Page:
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Herbivore foraging in chemically heterogeneous environments: nutrients and secondary metabolites

Behmer, Spencer T., Simpson, Stephen J., Raubenheimer, David
Ecology 2002 v.83 no.9 pp. 2489-2501
Locusta migratoria, antifeedants, carbohydrate intake, complementary foods, diet, foraging, herbivores, imitation foods, locusts, migratory behavior, models, nutrient content, nutrients, secondary metabolites, tannins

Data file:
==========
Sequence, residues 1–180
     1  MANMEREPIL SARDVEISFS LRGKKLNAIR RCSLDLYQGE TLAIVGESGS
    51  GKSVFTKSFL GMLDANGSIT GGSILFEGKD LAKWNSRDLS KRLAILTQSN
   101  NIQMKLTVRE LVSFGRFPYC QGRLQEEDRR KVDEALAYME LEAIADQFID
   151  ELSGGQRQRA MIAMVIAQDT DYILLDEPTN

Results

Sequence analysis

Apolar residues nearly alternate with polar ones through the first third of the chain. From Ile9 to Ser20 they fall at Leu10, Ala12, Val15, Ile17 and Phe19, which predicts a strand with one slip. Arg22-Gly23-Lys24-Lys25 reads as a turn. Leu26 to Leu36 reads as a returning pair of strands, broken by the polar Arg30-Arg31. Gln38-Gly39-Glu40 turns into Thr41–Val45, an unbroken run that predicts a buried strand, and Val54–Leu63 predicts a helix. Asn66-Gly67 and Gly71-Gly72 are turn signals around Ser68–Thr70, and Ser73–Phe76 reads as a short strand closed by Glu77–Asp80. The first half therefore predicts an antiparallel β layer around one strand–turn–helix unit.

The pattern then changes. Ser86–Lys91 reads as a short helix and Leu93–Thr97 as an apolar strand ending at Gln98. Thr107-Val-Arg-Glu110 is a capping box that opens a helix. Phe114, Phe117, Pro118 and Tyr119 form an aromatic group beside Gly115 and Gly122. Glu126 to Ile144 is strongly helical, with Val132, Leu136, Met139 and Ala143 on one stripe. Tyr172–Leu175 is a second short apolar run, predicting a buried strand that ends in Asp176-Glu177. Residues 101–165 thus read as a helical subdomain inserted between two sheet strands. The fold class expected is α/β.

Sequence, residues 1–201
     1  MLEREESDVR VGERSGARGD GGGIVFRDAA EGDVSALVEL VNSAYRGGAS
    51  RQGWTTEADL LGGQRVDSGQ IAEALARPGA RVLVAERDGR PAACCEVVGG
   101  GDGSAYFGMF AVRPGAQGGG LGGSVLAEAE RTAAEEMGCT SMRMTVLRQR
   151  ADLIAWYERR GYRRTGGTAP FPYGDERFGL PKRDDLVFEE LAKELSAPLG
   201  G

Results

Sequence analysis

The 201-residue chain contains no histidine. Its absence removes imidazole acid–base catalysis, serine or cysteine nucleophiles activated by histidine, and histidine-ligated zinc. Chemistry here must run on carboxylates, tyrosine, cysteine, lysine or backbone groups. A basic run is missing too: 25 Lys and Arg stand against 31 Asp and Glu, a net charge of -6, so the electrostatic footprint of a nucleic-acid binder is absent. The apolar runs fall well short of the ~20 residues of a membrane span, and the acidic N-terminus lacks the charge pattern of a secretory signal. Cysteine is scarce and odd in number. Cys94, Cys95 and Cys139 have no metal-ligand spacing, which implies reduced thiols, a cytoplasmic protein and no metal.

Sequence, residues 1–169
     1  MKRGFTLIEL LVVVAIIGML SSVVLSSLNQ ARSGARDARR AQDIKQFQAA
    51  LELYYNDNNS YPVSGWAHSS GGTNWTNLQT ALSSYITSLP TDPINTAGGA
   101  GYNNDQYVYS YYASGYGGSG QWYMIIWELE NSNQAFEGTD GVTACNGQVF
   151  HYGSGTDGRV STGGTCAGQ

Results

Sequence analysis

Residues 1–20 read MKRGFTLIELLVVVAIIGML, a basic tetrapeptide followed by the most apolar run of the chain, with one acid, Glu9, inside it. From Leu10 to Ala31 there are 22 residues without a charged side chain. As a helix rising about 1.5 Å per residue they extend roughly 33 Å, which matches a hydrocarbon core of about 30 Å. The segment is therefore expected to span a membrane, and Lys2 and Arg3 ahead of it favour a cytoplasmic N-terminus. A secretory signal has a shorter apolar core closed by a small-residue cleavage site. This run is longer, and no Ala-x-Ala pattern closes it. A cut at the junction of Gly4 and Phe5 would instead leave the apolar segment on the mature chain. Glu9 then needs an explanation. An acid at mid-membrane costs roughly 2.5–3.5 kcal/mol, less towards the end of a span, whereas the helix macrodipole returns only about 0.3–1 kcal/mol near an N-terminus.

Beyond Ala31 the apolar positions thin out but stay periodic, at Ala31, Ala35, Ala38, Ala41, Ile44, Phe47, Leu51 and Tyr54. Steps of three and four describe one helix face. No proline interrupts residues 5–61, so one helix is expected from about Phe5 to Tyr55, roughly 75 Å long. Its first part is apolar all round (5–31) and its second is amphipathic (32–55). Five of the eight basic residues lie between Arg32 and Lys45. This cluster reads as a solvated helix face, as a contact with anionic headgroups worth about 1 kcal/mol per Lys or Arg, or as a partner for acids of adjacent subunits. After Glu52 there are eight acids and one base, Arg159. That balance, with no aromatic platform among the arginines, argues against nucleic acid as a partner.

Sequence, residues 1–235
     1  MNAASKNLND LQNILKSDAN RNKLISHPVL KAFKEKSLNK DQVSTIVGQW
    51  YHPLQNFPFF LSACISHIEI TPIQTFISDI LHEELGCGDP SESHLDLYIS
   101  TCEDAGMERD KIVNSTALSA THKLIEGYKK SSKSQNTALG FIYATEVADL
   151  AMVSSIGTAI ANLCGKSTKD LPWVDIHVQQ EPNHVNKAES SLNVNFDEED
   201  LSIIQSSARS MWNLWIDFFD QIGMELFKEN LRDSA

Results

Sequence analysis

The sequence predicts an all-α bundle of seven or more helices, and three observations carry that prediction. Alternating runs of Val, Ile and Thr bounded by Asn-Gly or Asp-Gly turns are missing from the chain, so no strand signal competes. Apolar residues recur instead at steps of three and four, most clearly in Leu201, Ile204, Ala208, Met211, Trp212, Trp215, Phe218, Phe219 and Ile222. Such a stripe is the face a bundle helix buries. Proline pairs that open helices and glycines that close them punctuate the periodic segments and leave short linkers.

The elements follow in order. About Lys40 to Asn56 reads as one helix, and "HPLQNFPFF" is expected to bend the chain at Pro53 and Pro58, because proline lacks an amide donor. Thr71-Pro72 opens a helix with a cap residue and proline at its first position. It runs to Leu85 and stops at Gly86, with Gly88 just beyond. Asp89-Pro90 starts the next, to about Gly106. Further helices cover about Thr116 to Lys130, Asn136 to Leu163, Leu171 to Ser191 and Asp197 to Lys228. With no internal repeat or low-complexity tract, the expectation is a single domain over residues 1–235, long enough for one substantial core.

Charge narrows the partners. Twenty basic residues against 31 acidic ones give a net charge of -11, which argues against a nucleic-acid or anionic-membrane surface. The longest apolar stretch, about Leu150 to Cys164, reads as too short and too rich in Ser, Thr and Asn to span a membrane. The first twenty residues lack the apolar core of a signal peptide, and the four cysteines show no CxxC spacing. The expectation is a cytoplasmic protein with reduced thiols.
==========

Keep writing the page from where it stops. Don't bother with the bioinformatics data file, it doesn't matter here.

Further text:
We provide an exemplar study for investigating the manner and extent to which plant secondary metabolites (PSMs) influence nutritional regulation in herbivores selecting among multiple foods. Two experiments were performed using the African migratory locust, Locusta migratoria (L.). In both cases, locusts were given access to multiple synthetic foods that varied in their concentration of the two most strongly regulated nutrients (protein and digestible carbohydrate) and a carbon‐based PSM, tannic acid (TA). Insects in the first experiment were given two suboptimal but complementary foods: a high‐protein, low‐carbohydrate food and a low‐protein, high‐carbohydrate food. Tannic acid was then added to one food type but not the other, to both, or to neither food type. Here we could see how the addition of TA to a food with a specific protein : carbohydrate profile influenced nutritional regulatory responses. In a second experiment, locusts were given a high‐protein, low‐carbohydrate food and a low‐protein, high‐carbohydrate food, both of which contained TA. A third TA‐free food containing one of five different protein : carbohydrate ratios was also provided. This experiment provided an opportunity to measure the extent to which a TA‐free resource would be incorporated into the diet in relation to its nutrient content. Results indicated that the extent to which locusts regulated their protein : carbohydrate intake depended on the protein : carbohydrate composition of the TA‐free foods in their environments. It was evident that TA is more effective as a feeding deterrent than as a post‐ingestive toxin, but its effectiveness as a feeding deterrent is strongly linked to the protein : carbohydrate composition of the food in which it occurs. We discuss these findings within the context of plant defense theory and models of foraging behavior.